Firing up the engine gives you a shock – it is unbelievably loud. Mounted in the rear, of course, there isn’t much between it and the cockpit. It’s a two-cylinder, 650cc unit, balanced and blueprinted, with works pistons and cams and a very serious exhaust system.

The engine is rated at between 48 and 54bhp depending on spec – that doesn’t sound like much, but the car only weighs 550kg, remember, and 54bhp from 600cc is an exceptional power output. We donned ear defenders and hit the road.

It’s a crazy machine to drive. Nothing much happens under 4,000rpm, but keep it above that and the 126 zips along briskly – Group 2 engineer Michal Kumiega told us to keep it below 5,500, but the tiny twin revs so keenly, it was hard not to let it creep toward the 7,000rpm peak-power point.

Neither Charlie nor I are small people, but we fit inside the 126 without drama. The racing bucket seats in this car are too narrow for my frame, with the side bolsters causing discomfort if I didn’t slide forward, but that’s easily fixed – more importantly, the driving stance is surprisingly natural given the car’s diminutive proportions, with a classic long-arm, short-leg Italian driving position, and the co-pilot sat lower and behind the driver. There’s plenty of headroom, too. 

The stage near Walim is fabulous, a tight snake across steep forested hills, and the 126 tackled it with élan. This kind of hairpin-infested road is what the 126 is made for, especially with the optional short-ratio gearbox fitted to our test car – its 18kph per thousand revs in top (fourth) didn’t really make much sense on fast A-roads, but here it was perfect.

The trick is to keep your momentum up at all costs, and keep the revs up with it. That’s a lot of fun, because the 126 turns in with great precision and holds its line with proper determination – the 165/55 Yokohama 12-inch tyres don’t want to let go, and you can adjust the tail with a little lift when the car is at the limit of adhesion.

Held tight by the racing seats, dialling in the lock with the Monte Carlo steering wheel and keeping the revs high with constant use of the quick, easy-shifting ‘box, it’s not hard to imagine master drivers like Andrzej embarrassing those pesky Alpines.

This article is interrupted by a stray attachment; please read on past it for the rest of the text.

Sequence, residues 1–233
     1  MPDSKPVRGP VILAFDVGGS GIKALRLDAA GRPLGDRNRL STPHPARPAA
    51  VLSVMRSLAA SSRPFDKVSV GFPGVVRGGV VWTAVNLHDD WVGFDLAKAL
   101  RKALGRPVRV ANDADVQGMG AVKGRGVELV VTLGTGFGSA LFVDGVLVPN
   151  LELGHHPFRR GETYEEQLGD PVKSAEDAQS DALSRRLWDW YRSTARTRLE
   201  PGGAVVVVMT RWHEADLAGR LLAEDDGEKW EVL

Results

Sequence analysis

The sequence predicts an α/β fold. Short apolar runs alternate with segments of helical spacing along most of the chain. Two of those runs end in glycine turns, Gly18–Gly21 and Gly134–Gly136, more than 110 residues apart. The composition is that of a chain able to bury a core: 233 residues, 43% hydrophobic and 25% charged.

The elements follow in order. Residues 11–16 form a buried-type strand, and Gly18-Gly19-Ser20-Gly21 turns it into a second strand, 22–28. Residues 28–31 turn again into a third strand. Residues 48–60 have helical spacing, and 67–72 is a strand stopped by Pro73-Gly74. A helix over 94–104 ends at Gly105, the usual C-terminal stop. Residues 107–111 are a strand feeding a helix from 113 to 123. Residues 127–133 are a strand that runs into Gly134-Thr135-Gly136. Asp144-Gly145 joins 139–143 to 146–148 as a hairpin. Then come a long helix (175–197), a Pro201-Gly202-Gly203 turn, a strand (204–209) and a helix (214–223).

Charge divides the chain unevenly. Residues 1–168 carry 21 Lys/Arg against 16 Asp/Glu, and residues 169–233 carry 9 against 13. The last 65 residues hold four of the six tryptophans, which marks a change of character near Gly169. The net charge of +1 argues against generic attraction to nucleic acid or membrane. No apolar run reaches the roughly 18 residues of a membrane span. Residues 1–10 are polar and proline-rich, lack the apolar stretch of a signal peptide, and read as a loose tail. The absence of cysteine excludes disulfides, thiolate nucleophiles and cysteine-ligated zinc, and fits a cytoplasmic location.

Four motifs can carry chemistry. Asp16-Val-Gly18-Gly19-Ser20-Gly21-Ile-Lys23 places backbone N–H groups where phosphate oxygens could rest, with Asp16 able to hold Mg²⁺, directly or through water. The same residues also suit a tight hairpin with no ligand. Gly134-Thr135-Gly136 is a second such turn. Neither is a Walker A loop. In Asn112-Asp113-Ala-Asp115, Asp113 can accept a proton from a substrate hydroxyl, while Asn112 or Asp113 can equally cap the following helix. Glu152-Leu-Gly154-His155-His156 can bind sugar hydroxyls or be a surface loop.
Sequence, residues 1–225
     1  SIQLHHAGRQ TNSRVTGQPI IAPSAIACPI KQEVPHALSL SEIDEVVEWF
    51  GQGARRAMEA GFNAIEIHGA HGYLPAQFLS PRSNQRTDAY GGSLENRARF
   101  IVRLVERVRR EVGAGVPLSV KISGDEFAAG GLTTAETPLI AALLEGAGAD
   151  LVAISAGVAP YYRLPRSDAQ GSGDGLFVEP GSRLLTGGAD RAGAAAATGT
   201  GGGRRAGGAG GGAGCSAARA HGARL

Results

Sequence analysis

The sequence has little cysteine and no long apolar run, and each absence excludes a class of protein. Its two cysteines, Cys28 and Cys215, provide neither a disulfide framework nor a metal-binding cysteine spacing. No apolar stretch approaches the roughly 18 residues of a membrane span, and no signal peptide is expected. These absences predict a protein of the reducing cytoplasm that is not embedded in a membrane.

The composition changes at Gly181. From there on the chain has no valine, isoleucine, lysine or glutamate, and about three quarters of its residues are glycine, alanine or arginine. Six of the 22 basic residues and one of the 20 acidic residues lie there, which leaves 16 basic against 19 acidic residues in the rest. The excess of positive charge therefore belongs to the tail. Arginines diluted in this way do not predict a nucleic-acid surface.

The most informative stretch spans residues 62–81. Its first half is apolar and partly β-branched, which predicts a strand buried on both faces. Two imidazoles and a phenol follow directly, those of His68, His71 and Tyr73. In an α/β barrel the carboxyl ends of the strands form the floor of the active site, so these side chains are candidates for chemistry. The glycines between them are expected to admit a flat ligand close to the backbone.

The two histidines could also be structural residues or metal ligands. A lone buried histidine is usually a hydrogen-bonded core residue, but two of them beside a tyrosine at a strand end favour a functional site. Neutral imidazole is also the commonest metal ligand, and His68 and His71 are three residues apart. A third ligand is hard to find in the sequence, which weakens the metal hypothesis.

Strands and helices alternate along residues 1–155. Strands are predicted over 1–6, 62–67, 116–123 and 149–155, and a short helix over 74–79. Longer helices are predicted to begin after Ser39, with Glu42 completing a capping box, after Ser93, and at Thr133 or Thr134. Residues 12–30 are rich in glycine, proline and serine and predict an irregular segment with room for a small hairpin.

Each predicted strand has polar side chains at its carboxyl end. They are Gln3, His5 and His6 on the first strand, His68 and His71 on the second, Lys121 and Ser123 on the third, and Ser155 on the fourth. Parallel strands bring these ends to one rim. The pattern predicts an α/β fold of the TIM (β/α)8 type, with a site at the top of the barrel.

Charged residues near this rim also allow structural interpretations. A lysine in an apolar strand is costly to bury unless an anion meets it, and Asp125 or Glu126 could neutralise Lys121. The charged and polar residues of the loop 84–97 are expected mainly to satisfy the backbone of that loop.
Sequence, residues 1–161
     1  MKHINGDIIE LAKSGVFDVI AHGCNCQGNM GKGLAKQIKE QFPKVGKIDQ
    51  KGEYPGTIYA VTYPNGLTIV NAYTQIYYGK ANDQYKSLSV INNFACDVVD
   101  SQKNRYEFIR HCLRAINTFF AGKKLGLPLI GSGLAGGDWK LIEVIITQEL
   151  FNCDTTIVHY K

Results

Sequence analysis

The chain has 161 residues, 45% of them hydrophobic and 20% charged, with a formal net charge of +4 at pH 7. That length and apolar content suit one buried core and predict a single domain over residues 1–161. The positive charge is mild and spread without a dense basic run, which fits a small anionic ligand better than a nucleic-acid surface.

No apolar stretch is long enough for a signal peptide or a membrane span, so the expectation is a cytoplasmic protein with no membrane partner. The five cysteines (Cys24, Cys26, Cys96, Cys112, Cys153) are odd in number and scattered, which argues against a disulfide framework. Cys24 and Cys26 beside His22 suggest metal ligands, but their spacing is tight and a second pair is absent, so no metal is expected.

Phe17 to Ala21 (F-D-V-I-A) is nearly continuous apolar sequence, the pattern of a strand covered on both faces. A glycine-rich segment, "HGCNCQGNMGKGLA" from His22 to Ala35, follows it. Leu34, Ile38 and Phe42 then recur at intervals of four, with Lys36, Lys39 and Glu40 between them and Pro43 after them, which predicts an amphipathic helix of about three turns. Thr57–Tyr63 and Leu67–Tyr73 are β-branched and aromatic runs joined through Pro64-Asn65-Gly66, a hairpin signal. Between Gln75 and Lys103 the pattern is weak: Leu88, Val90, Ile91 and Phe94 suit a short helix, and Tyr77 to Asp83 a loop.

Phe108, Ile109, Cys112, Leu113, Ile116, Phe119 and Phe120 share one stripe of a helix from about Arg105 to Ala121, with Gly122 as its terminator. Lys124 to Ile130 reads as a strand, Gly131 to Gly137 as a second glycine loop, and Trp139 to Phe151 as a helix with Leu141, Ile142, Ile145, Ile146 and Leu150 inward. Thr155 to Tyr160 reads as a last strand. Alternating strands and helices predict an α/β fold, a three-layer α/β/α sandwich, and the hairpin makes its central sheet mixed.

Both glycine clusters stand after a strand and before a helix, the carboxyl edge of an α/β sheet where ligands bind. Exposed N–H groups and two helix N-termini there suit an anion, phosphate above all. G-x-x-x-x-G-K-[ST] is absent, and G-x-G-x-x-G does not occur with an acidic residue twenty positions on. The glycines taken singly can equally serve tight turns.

I’d like to say we drove the 126 all the way to Berlin, our overnight stop, in a marathon endurance run, but that would be a bare-faced lie. The short-ratio ‘box meant that 60mph equalled 5,500rpm and it wasn’t fair on the car. We slid the little Fiat into a truck. 

Heading through Berlin the next morning, we blasted pedestrians and other motorists with deafening engine blips before parking the 126 at the Brandenburg Gate for a photo. Surely no car in the world has such a massive sound-to-size ratio, and judging by the reaction of everyone who set eyes on it, there can’t be many more attractive cars in existence, either.

We did a long stint on a mostly derestricted autobahn, sitting at 60mph and dicing with trucks. As big Mercs and Audis piled past, the 126 rocked on its little wheels and I quietly dreamt of leaving the execmobiles behind on a switchback road. If you’re thinking of tackling longer journeys, I’d recommend the longer-ratio ‘box option, where a top speed of 90mph makes a lot more sense.

‘Sense’ isn’t a word you’d normally associate with a rally replica, but maybe the guys at Group 2 are onto something here – this is a car that works brilliantly in the world we find ourselves in.

Tiny, nimble, charismatic, inexpensive to buy and run, and above all, a gigantic dollop of unmitigated fun – you can sit in it and flick the bird at the world. Then, when you step out, you’ll turn to look at it and it feels like the first time. Every time. I have to have one. Have to.